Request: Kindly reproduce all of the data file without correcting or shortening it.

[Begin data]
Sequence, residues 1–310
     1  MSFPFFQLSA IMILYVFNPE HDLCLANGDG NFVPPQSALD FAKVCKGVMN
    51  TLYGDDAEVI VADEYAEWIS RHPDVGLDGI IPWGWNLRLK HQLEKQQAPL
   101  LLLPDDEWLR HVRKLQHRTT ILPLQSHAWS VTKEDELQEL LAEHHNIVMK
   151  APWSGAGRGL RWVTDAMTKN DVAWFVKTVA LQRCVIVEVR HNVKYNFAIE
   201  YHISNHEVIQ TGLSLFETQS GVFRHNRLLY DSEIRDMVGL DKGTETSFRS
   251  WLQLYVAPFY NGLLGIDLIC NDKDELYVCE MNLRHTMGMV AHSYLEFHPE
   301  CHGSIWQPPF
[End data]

Sequence, residues 1–310
     1  MSFPFFQLSA IMILYVFNPE HDLCLANGDG NFVPPQSALD FAKVCKGVMN
    51  TLYGDDAEVI VADEYAEWIS RHPDVGLDGI IPWGWNLRLK HQLEKQQAPL
   101  LLLPDDEWLR HVRKLQHRTT ILPLQSHAWS VTKEDELQEL LAEHHNIVMK
   151  APWSGAGRGL RWVTDAMTKN DVAWFVKTVA LQRCVIVEVR HNVKYNFAIE
   201  YHISNHEVIQ TGLSLFETQS GVFRHNRLLY DSEIRDMVGL DKGTETSFRS
   251  WLQLYVAPFY NGLLGIDLIC NDKDELYVCE MNLRHTMGMV AHSYLEFHPE
   301  CHGSIWQPPF